SAN FRANCISCO (FRONTLINE MEDICAL NEWS) – Hoarding disorder is characterized by a distinct pattern of serotonergic dysfunction different from that seen in obsessive-compulsive disorder (OCD) or major depression, Sanjaya Saxena, MD, reported at the annual conference of the Anxiety and Depression Association of America.

He presented the findings of the first-ever study to examine neurotransmitter function in patients with hoarding disorder. In contrast to hoarding disorder, the neurobiology of OCD is among the most extensively studied and best understood of any psychiatric disorder, with Dr. Saxena having made important contributions to this body of knowledge.

“Our results add to the evidence that hoarding disorder is neurobiologically distinct from OCD,” said Dr. Saxena , professor of psychiatry and director of the Obsessive-Compulsive Disorders Clinic at the University of California, San Diego.

The findings underscore the prescience of the authors of DSM-5 in removing hoarding disorder from under the umbrella of OCD and giving it its own separate diagnostic category.

“Our study provides more evidence suggesting that OCD and hoarding disorder are two separate disorders that do sometimes occur together in patients, but not necessarily more often than other disorders do. OCD is found in only about 15% of patients with hoarding disorder, and vice versa. Depression is much more commonly comorbid, and [attention-deficit/hyperactivity disorder] is present in about one-quarter of hoarding disorder patients,” according to the psychiatrist.

His study included 8 patients with hoarding disorder and 14 age- and sex-matched normal controls who underwent positron emission tomography with carbon-11-labeled DASP , a ligand that binds with high selectivity to the brain serotonin transporter. The serotonin transporter is a neuronal membrane protein whose main function is to recycle serotonin from synapse back into the neuronal cell body. The serotonin transporter also is the primary site to which serotonin reuptake inhibitor medications bind. Serotonin transporter binding is associated with fear conditioning, amygdala reactivity, the cortisol response, and state anxiety.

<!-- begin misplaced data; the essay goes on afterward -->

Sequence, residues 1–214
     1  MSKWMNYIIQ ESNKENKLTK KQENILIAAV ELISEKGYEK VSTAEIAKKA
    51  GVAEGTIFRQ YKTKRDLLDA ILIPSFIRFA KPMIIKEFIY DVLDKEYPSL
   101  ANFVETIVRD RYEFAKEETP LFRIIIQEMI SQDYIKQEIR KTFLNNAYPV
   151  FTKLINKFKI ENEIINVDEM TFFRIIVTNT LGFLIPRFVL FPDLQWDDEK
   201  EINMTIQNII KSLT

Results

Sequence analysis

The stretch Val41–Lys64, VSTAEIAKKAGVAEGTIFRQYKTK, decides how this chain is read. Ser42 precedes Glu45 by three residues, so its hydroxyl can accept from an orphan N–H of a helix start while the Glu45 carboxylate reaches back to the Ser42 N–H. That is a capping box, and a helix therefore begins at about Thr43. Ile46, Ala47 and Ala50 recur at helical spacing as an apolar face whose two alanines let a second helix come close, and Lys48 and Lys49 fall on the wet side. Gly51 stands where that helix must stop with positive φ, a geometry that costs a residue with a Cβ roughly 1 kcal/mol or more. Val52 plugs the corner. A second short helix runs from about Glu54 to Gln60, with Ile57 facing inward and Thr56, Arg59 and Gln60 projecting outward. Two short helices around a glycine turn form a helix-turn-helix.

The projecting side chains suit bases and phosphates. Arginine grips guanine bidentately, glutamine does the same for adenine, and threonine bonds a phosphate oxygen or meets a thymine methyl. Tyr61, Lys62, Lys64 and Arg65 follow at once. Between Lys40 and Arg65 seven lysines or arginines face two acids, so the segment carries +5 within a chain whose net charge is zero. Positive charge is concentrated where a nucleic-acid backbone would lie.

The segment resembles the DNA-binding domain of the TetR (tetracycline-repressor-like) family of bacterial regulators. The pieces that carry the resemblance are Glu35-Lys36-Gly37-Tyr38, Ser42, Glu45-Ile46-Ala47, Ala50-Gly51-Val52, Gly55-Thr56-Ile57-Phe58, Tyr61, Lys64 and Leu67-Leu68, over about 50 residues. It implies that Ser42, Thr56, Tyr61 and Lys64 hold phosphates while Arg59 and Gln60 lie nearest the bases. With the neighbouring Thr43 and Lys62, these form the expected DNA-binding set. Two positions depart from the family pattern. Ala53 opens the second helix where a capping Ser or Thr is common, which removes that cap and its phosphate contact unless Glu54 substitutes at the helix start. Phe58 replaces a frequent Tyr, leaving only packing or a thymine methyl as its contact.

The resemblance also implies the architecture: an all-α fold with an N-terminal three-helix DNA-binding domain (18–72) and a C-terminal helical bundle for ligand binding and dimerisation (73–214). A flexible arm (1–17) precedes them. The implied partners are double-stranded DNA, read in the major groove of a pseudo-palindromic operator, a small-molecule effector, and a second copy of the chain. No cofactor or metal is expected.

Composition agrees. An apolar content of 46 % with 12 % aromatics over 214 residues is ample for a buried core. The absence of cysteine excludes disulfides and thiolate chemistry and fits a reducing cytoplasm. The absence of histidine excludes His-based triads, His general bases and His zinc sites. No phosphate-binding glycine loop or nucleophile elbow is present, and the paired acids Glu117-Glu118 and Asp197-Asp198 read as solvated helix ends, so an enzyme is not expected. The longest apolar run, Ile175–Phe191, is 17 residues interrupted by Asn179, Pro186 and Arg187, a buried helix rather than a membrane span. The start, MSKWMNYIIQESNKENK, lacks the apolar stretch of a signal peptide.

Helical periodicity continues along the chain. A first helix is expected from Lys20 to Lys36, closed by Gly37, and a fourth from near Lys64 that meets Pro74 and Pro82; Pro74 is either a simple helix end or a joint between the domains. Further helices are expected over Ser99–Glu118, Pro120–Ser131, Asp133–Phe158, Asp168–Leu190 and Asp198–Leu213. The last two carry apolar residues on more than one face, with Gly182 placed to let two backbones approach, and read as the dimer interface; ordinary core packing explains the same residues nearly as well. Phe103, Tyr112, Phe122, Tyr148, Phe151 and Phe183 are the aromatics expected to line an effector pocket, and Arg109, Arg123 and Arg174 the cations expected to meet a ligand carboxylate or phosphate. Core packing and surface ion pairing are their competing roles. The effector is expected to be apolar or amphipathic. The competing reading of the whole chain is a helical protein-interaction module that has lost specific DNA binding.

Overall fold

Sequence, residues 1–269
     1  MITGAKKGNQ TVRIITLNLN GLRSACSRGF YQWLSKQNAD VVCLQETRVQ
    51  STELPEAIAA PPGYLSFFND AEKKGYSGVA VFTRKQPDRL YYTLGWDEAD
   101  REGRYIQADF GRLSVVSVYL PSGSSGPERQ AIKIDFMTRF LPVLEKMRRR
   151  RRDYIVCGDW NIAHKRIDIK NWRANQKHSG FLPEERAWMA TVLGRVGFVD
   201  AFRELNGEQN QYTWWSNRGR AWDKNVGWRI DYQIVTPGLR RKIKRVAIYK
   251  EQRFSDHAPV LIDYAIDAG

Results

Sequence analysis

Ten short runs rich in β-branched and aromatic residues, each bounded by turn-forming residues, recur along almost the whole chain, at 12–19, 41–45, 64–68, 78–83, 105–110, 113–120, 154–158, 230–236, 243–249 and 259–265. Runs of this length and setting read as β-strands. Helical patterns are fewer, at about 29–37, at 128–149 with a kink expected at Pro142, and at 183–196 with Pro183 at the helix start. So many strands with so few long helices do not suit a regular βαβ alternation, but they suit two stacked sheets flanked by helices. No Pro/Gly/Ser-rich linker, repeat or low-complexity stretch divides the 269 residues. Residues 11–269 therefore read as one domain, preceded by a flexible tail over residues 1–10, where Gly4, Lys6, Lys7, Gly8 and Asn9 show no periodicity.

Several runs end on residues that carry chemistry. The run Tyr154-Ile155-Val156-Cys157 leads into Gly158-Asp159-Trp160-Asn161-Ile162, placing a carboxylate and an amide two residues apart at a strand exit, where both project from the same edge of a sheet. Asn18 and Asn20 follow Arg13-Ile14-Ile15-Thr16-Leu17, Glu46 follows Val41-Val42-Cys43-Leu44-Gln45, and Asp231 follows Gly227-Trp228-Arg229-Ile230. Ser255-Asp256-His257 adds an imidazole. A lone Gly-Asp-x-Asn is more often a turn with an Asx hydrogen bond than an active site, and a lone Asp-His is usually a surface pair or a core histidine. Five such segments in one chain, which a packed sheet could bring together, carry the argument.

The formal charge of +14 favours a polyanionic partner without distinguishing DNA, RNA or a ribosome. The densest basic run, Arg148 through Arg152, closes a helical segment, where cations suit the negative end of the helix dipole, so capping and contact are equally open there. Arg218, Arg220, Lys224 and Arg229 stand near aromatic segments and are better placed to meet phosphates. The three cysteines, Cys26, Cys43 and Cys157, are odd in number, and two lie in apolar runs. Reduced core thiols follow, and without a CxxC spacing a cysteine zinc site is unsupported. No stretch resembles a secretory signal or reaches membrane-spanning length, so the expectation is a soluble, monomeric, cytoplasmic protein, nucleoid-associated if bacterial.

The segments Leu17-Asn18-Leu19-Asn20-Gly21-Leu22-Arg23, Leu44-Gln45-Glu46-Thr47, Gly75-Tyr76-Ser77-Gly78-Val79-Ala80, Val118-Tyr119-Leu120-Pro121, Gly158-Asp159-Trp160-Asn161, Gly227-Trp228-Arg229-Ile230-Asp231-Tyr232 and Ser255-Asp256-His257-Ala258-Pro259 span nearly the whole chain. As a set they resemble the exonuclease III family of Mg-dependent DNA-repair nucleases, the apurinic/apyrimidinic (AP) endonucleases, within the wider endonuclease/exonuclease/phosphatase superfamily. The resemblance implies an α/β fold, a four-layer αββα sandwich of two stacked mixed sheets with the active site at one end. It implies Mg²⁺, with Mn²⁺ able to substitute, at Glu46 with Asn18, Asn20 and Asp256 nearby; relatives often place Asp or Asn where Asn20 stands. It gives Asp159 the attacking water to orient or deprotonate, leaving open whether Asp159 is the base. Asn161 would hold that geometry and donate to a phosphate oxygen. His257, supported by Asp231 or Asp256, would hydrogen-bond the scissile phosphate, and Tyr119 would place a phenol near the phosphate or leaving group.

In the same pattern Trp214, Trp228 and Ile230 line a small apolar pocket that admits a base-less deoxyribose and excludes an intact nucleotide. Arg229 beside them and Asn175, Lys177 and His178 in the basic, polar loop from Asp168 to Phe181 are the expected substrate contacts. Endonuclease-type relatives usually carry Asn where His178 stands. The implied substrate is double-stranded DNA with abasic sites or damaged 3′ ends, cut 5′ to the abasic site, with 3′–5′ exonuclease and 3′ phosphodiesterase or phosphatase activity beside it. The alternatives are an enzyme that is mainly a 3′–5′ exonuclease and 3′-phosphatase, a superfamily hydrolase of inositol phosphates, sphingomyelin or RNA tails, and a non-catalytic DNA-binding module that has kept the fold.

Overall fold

Subjects with hoarding disorder proved to have significantly greater serotonin transporter binding than healthy controls in the bilateral amygdala, nucleus accumbens, putamen, and right caudate nucleus. In contrast, their serotonin transporter binding was significantly diminished, compared with controls, in the bilateral retrosplenial posterior cingulate cortex. Severity of hoarding symptoms was correlated with serotonin transporter binding in the right anterior cingulate cortex and right orbitofrontal cortex, but negatively correlated with serotonin transporter binding in the bilateral posterior thalamus, Dr. Saxena reported.

“The binding pattern is almost opposite that seen in OCD,” he observed.

The new study of serotonergic function in hoarding disorder, taken together with earlier brain imaging studies of regional glucose metabolism and functional MRI studies conducted by Dr. Saxena and other research groups, point to a couple of areas of the brain as being strongly implicated in the pathophysiology of hoarding disorder – most notably, the anterior and posterior cingulate cortex.

Particularly intriguing, in Dr. Saxena’s view, is the retrosplenial posterior cingulate cortex, located in Brodmann areas 29 and 30 . The retrosplenial posterior cingulate cortex, part of the default mode network, is involved in emotional functioning, learning, planning, navigation, as well as autobiographical, episodic, and visuospatial memory.

“Abnormalities of all those functions are found in hoarding disorder patients, so the retrosplenial posterior cingulate cortex is a candidate for further study,” according to Dr. Saxena.

His neurotransmitter study was funded by the university’s department of psychiatry. He reported having no financial conflicts.